In hard times, many of us have various coping mechanisms. Engaging in art and creativity is widely regarded as a positive means of processing stress and anxiety, and for me this is no different. Having spent over a month entirely by myself during the second Covid-19 lockdown, I often turned to art as a way not only of passing the time, but of developing my creative skills and expressing my emotions and frustration at the difficult situation.
As someone with relatively little artistic skill, I’ve never found much enjoyment in drawing, painting or collage. Yet, having no external pressure during isolation, I found myself far less resistant to the idea. Without anyone judging my work, for the first time I felt that what mattered was the process, and not the end result. I never thought I’d share my art with anyone else. Evidently, though, the liberating experience of using art as a coping mechanism during lockdown has proved far more than just that – it has completely shifted my perspective on the aim of art. It is not merely about what you produce, but also how and why. It doesn’t matter if it fits societal standards of what is deemed ‘good art’, it only matters that you enjoy the practice.
As a natural starting point, I tested my hand at abstract painting. Often, I would put on music and paint what I felt reflected the theme or mood of the song; at other times, I’d listen to my own thoughts and paint what I was feeling. Albeit simplistic, the abstract paintings I first made remind me of those quiet, highly cathartic moments.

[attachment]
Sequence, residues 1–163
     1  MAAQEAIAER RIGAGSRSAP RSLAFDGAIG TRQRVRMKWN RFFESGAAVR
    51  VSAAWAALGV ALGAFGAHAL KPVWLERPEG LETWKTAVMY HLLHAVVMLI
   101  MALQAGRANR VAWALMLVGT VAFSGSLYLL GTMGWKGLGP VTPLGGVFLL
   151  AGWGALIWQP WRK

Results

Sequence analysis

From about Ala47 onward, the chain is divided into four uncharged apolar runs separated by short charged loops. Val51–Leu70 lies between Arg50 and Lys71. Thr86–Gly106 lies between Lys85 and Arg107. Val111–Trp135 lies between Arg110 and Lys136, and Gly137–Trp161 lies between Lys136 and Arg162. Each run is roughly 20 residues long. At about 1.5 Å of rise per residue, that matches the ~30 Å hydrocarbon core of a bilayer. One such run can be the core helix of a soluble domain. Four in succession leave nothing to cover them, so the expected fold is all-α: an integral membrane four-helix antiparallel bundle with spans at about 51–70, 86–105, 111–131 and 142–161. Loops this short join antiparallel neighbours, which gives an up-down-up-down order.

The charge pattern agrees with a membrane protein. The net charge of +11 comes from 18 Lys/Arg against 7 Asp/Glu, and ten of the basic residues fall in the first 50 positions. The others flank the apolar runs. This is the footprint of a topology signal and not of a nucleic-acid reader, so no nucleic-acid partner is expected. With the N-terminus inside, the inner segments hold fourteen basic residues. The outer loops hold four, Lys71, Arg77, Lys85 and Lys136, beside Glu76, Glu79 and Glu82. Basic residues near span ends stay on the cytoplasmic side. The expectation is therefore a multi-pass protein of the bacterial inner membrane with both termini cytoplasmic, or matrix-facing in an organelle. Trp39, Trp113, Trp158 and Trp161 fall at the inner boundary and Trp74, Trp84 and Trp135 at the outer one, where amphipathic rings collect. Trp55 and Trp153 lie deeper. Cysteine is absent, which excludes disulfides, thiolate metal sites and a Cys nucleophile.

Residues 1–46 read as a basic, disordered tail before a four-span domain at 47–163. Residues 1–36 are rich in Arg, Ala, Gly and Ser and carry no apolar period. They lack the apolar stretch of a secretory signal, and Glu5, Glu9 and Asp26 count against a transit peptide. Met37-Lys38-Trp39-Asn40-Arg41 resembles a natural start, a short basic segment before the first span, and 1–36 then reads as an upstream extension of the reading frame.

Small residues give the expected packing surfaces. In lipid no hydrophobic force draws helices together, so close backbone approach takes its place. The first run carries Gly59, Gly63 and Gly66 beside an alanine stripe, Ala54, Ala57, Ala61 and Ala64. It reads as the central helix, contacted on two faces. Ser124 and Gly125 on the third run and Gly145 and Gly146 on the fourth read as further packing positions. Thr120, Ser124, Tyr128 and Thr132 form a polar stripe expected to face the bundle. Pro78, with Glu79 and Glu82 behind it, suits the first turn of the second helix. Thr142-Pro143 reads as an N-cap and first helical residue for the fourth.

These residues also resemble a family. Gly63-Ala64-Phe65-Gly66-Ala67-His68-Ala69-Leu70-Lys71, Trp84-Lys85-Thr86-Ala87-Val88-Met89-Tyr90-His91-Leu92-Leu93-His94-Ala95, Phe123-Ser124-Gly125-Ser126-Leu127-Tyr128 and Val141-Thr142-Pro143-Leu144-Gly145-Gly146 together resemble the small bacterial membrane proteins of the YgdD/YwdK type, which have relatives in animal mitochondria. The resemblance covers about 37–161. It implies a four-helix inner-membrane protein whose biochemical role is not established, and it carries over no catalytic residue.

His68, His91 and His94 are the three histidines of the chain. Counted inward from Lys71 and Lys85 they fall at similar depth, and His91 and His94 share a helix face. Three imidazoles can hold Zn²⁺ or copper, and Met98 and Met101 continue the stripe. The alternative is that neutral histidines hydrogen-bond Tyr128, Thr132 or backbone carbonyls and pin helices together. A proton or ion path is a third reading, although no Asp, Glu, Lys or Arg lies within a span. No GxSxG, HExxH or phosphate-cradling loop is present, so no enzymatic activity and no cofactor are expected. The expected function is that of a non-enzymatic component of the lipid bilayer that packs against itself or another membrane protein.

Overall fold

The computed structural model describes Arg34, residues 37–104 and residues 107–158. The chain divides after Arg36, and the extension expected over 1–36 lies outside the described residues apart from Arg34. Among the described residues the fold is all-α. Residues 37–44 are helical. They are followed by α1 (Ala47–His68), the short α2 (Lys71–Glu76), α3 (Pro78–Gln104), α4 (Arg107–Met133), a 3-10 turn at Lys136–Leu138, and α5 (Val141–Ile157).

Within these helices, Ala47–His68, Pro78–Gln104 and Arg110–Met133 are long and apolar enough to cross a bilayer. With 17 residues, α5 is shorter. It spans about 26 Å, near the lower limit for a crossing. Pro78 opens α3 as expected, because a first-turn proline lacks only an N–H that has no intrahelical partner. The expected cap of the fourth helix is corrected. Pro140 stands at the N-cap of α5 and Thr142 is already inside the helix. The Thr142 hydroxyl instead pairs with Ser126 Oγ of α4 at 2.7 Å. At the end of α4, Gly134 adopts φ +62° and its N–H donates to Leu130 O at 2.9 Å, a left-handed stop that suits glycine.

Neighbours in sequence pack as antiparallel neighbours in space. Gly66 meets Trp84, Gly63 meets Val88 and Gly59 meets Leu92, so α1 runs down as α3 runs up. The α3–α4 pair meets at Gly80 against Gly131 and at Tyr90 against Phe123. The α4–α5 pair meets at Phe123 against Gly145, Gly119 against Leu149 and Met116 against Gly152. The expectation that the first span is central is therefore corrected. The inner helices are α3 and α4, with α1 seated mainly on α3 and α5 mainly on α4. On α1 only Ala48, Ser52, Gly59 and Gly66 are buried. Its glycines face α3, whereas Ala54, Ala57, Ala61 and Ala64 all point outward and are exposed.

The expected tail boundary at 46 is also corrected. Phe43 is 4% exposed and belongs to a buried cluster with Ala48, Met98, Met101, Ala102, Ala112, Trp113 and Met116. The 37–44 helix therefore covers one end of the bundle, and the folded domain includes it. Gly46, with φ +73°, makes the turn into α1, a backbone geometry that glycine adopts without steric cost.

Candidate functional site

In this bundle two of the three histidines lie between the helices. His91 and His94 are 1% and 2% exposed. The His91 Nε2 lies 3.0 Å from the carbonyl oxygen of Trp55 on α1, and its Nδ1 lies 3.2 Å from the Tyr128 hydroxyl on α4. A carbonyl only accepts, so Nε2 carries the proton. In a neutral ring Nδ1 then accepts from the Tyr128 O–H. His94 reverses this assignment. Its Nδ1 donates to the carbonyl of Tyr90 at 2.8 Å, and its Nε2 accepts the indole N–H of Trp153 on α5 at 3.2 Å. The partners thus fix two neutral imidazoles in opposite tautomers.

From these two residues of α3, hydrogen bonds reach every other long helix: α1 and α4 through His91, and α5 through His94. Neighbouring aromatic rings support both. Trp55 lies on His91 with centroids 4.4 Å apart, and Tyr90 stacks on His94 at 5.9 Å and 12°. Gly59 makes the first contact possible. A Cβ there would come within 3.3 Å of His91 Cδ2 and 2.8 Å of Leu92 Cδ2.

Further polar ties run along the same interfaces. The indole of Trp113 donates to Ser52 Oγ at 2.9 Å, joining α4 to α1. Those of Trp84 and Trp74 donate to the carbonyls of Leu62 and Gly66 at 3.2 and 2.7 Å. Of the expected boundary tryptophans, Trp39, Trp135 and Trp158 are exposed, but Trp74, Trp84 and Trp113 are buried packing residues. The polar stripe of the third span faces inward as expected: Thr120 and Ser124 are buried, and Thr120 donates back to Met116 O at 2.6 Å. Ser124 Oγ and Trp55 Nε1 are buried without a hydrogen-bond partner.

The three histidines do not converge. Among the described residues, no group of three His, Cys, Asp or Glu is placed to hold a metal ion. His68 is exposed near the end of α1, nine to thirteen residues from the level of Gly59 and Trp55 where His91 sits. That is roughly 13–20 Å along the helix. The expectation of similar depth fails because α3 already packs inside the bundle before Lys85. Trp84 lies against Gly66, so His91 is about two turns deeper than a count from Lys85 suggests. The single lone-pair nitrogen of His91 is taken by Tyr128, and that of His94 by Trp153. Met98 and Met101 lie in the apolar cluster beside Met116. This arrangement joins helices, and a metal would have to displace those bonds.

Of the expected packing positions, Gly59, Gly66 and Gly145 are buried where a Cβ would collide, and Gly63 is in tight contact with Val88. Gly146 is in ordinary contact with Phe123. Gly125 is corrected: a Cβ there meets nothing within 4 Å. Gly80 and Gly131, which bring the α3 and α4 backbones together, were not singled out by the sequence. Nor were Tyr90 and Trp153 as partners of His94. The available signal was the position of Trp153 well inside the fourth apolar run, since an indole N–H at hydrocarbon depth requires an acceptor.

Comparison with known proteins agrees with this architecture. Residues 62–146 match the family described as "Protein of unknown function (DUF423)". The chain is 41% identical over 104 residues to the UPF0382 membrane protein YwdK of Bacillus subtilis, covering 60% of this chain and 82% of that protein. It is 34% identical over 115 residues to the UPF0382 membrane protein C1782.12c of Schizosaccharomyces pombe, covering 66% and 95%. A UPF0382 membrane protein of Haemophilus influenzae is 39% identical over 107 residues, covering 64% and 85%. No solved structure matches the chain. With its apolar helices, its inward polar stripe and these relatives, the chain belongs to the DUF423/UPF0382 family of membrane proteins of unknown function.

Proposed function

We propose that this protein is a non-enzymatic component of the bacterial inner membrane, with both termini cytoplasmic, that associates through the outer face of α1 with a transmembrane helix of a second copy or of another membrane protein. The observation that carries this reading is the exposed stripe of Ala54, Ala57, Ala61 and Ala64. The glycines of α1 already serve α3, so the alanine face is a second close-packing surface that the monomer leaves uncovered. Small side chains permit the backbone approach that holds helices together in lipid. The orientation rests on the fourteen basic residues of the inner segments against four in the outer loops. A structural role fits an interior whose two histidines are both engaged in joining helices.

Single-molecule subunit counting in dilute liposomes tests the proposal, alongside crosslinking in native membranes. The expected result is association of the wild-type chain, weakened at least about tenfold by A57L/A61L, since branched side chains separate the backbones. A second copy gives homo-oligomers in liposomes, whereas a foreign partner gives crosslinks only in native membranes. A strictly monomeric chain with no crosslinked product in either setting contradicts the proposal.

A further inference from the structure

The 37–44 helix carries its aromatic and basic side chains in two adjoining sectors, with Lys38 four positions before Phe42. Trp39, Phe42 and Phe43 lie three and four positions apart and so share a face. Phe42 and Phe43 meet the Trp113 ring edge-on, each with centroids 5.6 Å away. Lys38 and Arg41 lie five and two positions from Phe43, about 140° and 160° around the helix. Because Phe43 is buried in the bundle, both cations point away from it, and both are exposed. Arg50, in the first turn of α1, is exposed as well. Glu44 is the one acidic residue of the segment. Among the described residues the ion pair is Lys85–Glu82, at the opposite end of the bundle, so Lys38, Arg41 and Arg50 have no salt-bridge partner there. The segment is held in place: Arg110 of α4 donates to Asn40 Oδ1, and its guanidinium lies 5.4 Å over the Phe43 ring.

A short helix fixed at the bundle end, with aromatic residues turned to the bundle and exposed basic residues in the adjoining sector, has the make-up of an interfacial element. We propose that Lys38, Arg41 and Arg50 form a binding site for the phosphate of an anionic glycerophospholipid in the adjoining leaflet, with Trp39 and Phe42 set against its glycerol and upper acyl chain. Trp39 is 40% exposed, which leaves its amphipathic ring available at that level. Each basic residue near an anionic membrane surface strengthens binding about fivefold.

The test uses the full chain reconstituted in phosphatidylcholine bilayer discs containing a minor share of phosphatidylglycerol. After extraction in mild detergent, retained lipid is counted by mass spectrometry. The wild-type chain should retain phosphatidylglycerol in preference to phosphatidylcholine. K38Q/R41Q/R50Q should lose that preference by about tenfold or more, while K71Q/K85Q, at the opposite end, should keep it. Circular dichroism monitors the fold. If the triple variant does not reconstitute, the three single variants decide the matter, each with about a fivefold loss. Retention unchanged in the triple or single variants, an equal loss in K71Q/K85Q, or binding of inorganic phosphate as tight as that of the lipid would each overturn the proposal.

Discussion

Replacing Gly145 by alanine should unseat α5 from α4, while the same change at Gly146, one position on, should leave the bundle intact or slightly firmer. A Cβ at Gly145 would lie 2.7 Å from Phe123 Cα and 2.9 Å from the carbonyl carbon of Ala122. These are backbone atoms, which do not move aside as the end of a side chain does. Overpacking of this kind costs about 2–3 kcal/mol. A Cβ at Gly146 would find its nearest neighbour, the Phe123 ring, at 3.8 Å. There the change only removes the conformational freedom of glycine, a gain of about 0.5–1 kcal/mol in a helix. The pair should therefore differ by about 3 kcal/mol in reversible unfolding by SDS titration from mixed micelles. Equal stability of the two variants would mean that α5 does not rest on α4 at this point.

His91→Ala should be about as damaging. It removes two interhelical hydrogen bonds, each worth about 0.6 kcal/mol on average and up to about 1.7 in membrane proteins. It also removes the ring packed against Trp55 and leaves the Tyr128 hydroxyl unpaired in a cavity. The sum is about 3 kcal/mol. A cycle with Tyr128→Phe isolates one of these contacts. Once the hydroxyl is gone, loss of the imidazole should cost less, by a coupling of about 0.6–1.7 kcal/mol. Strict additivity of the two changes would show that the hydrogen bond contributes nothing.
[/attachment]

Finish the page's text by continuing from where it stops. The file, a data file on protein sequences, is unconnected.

Later, wanting a little more structure, I took to mindless adult colouring exercises. I often did these whilst listening to podcasts or watching movies, as a way of keeping my mind focused.I also found a lot of pleasure in creating mood boards. Whilst I’m no stranger to a Pinterest board, there is something about the physical act of flicking through magazines and cutting images that really requires an eye for detail. The thought process and act of positioning the images is satisfying, creatively engaging and aesthetically pleasing. My favourite collage has even ended up on my bedroom wall.
My main project, though, was to get comfortable with life drawing. Having always found this mode of drawing to be highly perfectionistic and pressurized, I sought out the Body Love Sketch Club online.
A great alternative to the professional-style art classes we might typically associate with life drawing, the class allows people to come together irrespective of artistic background to just draw for the sake of it. For me, the combined focus on body positivity and the use of art as a medium to process thoughts and feelings was a winner. I’d recommend the class to everyone, as I now have a newfound love for life drawing – this time, less focused on perfect proportions and accuracy, I engaged more with the experience of looking, drawing and feeling. Just how art can, and should, be.
I won’t deny that it can be difficult to find time to commit to creativity. With the busy lives we lead, it can feel unproductive to spend hours dedicated to nothing but creative exploration. I’d like to offer an alternative perspective. Our time, which could be spent working or studying, can be much more useful when dedicated to a veritable meditative pause from work. Rather than being a waste of time, it will inevitably give your mind the time to ‘switch off.’ You’ll feel more relaxed, happier, and calmer and, I dare say, you’ll spend your ‘on’ time better, and your ‘off’ time too.